An unusual coalition of farmers, environmentalists and animal-rights defenders asked the Food and Drug Administration yesterday to delay licensing a new genetically engineered growth hormone that could increase dairy cows' production by at least 20 percent in the next few years.

The petitioners asked the FDA to conduct an environmental impact study under the National Environmental Policy Act as a prelude to denying approval of Bovine Growth Hormone (bgH), a product being readied for market by at least three major American companies.

An FDA spokesman, citing a legal ban on disclosure of "trade secrets," would not confirm that any of the firms -- which include the Monsanto Co., American Cyanamid and Elanco -- has applied for approval of bgH. But, the spokesman said, "We are aware that several groups are doing research on bgH in hopes of increasing milk production."

An official of Monsanto, which is developing bgH in combination with Genentech, a California biogenetics firm, and Cornell University in New York, would not comment on the status of the research. He said, however, that Monsanto is "shooting for 1988" as the earliest date for marketing bgH.

Economists at Cornell have predicted that FDA approval of bgH could have a dramatic adverse effect on the dairy industry, which is grappling with massive overproduction and a government program to reduce purchases of surplus milk, butter and cheese that have cost more than $6 billion in the last three years.

The Cornell economists, although acknowledging a probable short-term drop in consumer prices, predicted that quick adoption of the hormone throughout the industry could lead to more surpluses and force 25 or 30 percent of dairy farmers out of business.

BgH, which occurs naturally in dairy cows, can be reproduced in commercial quantities through genetic engineering. The bgH is injected into cows, usually on a daily basis. Almost overnight it could boost production 20 percent or more, the economists said. In the carefully managed Cornell herd, top individual increases were near 40 percent.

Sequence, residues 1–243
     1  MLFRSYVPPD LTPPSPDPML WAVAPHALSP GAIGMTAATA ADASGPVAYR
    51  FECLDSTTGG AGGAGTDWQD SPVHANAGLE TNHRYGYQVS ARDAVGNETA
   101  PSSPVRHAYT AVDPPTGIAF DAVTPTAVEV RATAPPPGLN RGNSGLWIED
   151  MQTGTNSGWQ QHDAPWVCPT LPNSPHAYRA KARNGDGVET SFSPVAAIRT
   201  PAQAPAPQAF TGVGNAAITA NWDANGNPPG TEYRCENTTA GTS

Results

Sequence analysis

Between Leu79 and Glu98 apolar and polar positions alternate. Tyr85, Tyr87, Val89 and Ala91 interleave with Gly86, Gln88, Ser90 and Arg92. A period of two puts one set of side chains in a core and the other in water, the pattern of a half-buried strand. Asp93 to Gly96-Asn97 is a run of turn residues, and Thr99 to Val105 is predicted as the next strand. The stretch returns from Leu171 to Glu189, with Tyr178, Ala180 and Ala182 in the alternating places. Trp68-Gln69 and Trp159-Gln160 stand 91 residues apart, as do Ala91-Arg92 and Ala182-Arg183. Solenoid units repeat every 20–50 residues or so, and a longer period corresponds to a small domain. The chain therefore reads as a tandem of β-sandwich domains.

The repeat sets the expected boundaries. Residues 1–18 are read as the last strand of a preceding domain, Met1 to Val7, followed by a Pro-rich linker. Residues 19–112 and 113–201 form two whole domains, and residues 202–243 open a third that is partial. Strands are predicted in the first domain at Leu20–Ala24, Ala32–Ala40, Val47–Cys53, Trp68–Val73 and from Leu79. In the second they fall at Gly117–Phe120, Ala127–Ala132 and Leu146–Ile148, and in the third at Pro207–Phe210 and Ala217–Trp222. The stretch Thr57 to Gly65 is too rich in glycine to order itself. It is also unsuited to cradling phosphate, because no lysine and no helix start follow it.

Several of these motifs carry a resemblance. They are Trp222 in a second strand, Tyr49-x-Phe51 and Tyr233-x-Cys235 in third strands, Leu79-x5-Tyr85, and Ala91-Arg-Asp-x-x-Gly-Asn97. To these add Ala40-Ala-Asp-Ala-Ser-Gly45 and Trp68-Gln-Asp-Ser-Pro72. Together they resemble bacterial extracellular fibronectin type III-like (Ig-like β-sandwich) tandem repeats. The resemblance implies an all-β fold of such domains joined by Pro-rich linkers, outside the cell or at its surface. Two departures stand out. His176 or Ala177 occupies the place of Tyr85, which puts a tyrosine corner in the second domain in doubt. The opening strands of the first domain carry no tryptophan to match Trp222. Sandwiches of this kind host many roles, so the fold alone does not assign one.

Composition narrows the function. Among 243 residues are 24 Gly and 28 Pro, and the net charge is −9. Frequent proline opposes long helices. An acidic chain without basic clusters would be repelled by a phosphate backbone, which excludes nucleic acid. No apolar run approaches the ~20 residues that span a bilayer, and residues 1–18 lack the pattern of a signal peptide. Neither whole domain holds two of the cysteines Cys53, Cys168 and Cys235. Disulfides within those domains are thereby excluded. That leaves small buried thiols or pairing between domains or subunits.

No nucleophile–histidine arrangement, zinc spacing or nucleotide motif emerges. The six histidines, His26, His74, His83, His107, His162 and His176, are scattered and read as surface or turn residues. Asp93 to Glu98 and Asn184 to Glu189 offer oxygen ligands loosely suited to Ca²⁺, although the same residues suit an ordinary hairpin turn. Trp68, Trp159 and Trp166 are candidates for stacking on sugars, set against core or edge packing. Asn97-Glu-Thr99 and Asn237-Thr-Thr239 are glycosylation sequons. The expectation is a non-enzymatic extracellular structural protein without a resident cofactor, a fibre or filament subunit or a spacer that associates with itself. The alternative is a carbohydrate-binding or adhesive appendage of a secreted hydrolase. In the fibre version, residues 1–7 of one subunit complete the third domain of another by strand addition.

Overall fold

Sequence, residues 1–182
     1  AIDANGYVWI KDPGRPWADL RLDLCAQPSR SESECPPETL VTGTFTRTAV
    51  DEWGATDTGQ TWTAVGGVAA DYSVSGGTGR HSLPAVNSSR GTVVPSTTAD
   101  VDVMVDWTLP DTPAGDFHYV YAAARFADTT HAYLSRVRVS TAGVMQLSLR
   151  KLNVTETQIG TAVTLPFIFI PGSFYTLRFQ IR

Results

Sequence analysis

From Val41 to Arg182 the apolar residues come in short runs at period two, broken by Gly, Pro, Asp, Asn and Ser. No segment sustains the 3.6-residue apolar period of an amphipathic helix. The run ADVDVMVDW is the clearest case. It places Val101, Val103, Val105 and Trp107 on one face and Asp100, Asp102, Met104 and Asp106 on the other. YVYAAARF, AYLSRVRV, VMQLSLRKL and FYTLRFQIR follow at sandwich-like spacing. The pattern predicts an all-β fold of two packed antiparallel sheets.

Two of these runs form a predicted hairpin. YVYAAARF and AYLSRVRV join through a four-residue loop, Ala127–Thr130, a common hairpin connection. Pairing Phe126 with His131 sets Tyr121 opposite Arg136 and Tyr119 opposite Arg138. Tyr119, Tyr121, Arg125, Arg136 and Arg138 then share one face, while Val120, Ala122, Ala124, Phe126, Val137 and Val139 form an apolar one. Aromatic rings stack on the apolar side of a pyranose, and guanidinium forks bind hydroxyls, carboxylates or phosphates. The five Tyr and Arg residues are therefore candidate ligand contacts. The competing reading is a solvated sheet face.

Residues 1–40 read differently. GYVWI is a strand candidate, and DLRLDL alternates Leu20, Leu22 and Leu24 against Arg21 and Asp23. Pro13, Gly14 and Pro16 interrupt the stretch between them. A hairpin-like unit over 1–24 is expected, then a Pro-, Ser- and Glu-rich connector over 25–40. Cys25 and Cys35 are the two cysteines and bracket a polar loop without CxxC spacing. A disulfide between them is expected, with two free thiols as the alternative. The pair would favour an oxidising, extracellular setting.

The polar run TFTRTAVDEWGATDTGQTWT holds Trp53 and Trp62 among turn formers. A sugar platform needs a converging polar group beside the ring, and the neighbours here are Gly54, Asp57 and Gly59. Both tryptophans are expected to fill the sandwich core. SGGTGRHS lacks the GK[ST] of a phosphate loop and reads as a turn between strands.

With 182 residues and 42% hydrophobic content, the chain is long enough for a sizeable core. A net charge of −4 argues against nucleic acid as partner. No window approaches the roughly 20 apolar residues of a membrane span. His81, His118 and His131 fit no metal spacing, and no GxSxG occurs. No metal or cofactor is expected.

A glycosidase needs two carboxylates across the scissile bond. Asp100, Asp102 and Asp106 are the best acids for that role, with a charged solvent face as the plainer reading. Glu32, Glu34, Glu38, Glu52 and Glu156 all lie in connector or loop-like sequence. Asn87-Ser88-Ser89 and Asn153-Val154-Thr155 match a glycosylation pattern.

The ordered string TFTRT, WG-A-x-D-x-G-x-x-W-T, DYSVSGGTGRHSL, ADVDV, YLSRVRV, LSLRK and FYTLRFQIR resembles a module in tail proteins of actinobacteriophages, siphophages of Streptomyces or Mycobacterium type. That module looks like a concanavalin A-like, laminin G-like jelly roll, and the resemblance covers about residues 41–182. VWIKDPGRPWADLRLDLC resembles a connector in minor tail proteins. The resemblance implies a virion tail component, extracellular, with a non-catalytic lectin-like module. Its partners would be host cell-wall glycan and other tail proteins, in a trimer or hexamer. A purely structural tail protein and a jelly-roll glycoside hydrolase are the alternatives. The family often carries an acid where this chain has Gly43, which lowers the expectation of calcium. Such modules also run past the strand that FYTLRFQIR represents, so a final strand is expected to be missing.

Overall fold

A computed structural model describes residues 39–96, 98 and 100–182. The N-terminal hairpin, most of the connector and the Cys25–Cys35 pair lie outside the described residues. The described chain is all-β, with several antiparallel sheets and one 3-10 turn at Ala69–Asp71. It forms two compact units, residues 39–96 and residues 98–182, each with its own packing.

"It is legitimate to question whether technological advancements are social progress," said Mike Cannell, a Cazenovia, Wis., dairy farmer representing the Wisconsin Family Farm Defense Fund, one of the groups petitioning the FDA.

"Bovine Growth Hormone is not in the good culturally and socially for the industry on which it will have its impact," Cannell said. "There is one key question: What do we want rural America to look like and what kind of society do we want functioning in rural America?"

Cannell said that he and fellow dairymen fear that widespread adoption of bgH will lead to dramatic production increases, which in turn will drive down prices and force many smaller farmers out of business.

"Demand for milk will not increase," he added, "and we already know that the government under the new price support program will not buy the surpluses. Something will have to give . . . . When 20 percent of the farmers are forced out and another 20 to 25 percent will be impacted and pushed toward going out, who is benefitting from the use of bgH?"

Coincidentally, the Agriculture Department yesterday began the first phase of a surplus reduction program that will cost about $1.8 billion over the next 18 months. The program pays farmers to stop milking their cows and instead send them to slaughter or export markets. About 950,000 dairy animals are expected to be taken out of production.

Other petitioners were the Foundation on Economic Trends and its president, Jeremy Rifkin; the Humane Society of the United States, and Douglas LaFollette, secretary of state in Wisconsin, with support from the Wisconsin Farmers Union and the Farmers Union Milk Marketing Group in the state.

Their petition contended that introduction of bgH will damage the environment by intensifying production pressure on cropland, cause unnecessary suffering to cows because of the physiological stress of increased milk output and cause widespread damage to the dairy economy.

Rifkin said that Wisconsin, with 41,000 farmers the country's leading dairy state, will be the headquarters for a nationwide drive aimed at publicizing the potential impacts of bgH on the dairy industry and on rural communities that rely on milk production.

"Even if the Cornell studies are 50 percent off, we are talking about big changes in the dairy industry," Rifkin said. "This is the first time a constituency adversely affected by the biotechnological revolution has reacted to defend itself . . . . If farmers do not fight back, they are out of business."

"We are giving the FDA 30 days in our petition to carry out the impact studies or we will go to court. We want bgH to be identified with genetic technology. Its introduction will mean a series of Youngstowns all over the Farm Belt."

The petitioners' request to the FDA relied on an impact study by Dr. Robert J. Kalter and other Cornell economists, who predicted serious implications for the dairy industry if the use of bgH became commonplace.